Bug 71898 - rpm doesn't handle large file systems gracefully
rpm doesn't handle large file systems gracefully
Product: Red Hat Linux
Classification: Retired
Component: rpm (Show other bugs)
i386 Linux
medium Severity medium
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Assigned To: Jeff Johnson
Depends On:
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Reported: 2002-08-19 22:44 EDT by Ben Woodard
Modified: 2008-05-01 11:38 EDT (History)
0 users

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Fixed In Version:
Doc Type: Bug Fix
Doc Text:
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Clone Of:
Last Closed: 2002-08-19 22:44:53 EDT
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RHEL 7.3 requirements from Atomic Host:
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Description Ben Woodard 2002-08-19 22:44:49 EDT
From Bugzilla Helper:
User-Agent: Mozilla/5.0 (X11; U; Linux i686; en-US; rv:1.0.0) Gecko/20020606

Description of problem:
When you have a file system with about 1TB available RPM doesn't compute the
amount of space available correctly. No matter how much disk space you have
available it aborts with the warning:

installing package "any_package" needs 3125Mb on the /p/ba1 filesystem

Version-Release number of selected component (if applicable):

How reproducible:

Steps to Reproduce:
1.Mount up a file system with huge amounts of available disk space i.e. 1 TB or
2.Try to install an RPM without the --ignoresize option


Actual Results:  installing package "any_package" needs 3125Mb on the /p/ba1

Expected Results:  the package installs.

Additional info:

This appears to be a problem with RPM's diskspaceInfo structure. The
diskspaceInfo structure uses signed longs to represent the available blocks but
fsstat returns either unsigned longs or unsigned long longs.

if you look in lib/transaction.c:

    52  struct diskspaceInfo {
    53      dev_t dev;                  /*!< file system device number. */
    54      signed long bneeded;        /*!< no. of blocks needed. */
    55      signed long ineeded;        /*!< no. of inodes needed. */
    56      int bsize;                  /*!< file system block size. */
    57      signed long bavail;         /*!< no. of blocks available. */
    58      signed long iavail;         /*!< no. of inodes available. */
    59  };

and then compare it with what you see in /usr/include/bits/statfs.h:

    25  struct statfs
    26    {
    27      int f_type;
    28      int f_bsize;
    29  #ifndef __USE_FILE_OFFSET64
    30      __fsblkcnt_t f_blocks;
    31      __fsblkcnt_t f_bfree;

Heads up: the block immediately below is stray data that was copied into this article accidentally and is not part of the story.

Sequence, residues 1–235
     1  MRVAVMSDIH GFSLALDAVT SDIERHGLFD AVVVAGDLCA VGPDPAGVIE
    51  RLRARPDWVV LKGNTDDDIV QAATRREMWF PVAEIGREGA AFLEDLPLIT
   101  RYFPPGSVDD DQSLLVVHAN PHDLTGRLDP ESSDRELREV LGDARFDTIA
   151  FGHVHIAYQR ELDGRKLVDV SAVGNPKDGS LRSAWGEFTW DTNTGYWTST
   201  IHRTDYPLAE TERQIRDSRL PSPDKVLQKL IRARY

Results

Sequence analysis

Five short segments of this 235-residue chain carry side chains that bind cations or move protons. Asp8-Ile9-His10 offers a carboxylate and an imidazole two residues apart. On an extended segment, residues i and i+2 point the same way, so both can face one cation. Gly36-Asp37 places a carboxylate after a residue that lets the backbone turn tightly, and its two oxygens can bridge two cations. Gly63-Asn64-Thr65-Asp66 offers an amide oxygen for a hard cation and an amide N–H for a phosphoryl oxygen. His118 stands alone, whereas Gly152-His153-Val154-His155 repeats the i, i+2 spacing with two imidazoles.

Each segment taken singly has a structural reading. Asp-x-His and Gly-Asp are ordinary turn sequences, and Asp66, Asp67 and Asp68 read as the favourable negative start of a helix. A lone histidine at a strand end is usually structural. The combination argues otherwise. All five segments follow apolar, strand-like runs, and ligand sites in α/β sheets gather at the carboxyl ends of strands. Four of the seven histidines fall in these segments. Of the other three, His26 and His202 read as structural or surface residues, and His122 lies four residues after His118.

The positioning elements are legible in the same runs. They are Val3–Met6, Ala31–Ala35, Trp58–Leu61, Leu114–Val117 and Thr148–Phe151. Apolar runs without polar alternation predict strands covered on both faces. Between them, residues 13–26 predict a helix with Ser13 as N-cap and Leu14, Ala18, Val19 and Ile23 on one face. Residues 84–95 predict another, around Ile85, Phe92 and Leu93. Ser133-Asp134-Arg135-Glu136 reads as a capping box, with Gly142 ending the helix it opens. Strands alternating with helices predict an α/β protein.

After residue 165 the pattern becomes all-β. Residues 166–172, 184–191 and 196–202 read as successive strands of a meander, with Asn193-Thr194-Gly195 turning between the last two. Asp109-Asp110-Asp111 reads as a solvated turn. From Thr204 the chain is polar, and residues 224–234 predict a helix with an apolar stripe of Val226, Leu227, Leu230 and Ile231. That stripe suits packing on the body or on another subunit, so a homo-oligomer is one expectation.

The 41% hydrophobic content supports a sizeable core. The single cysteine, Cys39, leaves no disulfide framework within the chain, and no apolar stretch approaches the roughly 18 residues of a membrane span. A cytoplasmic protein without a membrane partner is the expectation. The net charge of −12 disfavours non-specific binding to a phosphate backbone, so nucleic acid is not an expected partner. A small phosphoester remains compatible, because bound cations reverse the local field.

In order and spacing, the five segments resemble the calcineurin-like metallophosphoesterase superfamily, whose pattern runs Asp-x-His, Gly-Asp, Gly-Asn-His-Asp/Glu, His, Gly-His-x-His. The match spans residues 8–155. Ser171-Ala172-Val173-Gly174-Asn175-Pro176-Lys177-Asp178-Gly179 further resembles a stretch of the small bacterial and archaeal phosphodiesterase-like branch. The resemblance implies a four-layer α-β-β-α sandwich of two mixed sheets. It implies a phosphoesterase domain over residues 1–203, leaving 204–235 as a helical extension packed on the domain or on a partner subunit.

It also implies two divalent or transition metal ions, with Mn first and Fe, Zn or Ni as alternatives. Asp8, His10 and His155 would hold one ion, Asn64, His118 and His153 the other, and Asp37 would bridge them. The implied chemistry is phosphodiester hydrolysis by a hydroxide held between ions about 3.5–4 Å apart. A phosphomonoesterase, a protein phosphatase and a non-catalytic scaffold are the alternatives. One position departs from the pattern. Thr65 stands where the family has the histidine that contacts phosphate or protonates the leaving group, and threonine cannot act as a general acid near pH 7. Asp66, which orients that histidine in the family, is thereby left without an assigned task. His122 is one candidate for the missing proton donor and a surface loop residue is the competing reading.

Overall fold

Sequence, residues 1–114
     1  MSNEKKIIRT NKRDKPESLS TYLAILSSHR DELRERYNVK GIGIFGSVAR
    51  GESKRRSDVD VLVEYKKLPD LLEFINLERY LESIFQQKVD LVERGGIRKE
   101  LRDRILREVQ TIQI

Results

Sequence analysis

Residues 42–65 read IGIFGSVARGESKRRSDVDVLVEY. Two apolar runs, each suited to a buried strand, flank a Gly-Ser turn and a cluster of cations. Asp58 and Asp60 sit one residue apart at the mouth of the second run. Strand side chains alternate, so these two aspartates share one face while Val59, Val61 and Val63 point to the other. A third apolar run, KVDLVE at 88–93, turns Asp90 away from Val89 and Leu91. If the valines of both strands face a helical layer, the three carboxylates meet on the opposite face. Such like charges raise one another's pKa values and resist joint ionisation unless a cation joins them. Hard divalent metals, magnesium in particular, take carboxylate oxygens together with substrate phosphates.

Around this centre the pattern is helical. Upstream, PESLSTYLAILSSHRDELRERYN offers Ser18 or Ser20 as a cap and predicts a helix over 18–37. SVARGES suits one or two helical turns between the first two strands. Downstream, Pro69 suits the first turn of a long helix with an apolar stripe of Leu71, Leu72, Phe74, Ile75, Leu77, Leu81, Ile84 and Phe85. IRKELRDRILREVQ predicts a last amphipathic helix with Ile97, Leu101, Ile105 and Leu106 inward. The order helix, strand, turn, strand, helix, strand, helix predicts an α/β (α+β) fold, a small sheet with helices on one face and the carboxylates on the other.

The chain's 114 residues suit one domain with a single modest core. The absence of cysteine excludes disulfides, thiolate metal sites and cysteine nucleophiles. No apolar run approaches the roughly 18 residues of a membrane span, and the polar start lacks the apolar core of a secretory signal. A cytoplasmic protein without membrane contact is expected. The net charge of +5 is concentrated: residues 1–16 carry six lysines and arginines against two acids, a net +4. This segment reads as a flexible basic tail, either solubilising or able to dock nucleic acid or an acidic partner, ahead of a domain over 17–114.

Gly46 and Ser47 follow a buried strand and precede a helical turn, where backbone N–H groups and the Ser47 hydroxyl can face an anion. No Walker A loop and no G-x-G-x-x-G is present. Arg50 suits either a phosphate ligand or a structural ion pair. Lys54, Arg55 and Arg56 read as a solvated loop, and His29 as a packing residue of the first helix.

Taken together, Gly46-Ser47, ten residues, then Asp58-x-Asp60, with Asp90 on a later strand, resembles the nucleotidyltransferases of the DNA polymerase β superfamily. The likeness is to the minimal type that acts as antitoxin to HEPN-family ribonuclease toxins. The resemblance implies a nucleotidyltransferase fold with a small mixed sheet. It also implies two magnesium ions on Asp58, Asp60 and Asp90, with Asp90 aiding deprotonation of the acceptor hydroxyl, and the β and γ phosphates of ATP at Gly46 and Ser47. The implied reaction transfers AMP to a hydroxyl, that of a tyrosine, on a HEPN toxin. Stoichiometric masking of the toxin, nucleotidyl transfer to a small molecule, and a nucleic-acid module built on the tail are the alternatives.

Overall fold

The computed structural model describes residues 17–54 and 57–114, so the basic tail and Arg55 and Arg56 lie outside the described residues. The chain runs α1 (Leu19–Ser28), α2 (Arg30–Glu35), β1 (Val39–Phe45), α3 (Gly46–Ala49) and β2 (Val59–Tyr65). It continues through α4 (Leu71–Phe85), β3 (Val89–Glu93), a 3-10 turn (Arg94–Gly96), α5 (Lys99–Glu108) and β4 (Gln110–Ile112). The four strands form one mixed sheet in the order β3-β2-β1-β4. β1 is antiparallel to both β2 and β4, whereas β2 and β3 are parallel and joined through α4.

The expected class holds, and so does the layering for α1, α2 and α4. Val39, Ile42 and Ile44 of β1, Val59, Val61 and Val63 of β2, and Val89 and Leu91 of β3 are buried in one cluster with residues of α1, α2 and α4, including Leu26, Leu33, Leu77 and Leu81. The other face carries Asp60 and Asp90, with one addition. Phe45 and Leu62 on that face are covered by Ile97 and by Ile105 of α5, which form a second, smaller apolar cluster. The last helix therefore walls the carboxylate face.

32      __fsblkcnt_t f_bavail;
    33      __fsfilcnt_t f_files;
    34      __fsfilcnt_t f_ffree;
    35  #else
    36      __fsblkcnt64_t f_blocks;
    37      __fsblkcnt64_t f_bfree;
    38      __fsblkcnt64_t f_bavail;
    39      __fsfilcnt64_t f_files;
    40      __fsfilcnt64_t f_ffree;
    41  #endif
    42      __fsid_t f_fsid;
    43      int f_namelen;
    44      int f_spare[6];
    45    };

and in /usr/include/bits/types.h:

   116  /* Type to count file system blocks.  */
   117  typedef __u_long __fsblkcnt_t;
   118  typedef __u_quad_t __fsblkcnt64_t;

a confounding problem is that the statfs man page is wrong:

       statfs, fstatfs - get file system statistics

       #include <sys/vfs.h>

       int statfs(const char *path, struct statfs *buf);
       int fstatfs(int fd, struct statfs *buf);

       statfs  returns  information  about a mounted file system.
       path is the path name  of  any  file  within  the  mounted
       filesystem.   buf  is  a  pointer  to  a  statfs structure
       defined as follows:

              struct statfs {
                 long    f_type;     /* type of filesystem (see below) */
                 long    f_bsize;    /* optimal transfer block size */
                 long    f_blocks;   /* total data blocks in file system */
                 long    f_bfree;    /* free blocks in fs */
                 long    f_bavail;   /* free blocks avail to non-superuser */
                 long    f_files;    /* total file nodes in file system */
                 long    f_ffree;    /* free file nodes in fs */
                 fsid_t  f_fsid;     /* file system id */
                 long    f_namelen;  /* maximum length of filenames */
                 long    f_spare[6]; /* spare for later */

Comment 1 Jeff Johnson 2002-08-20 12:17:33 EDT
Yup, struct diskspaceInfo was written from the man page.

Deferred until I see my 1st TB file system :-)

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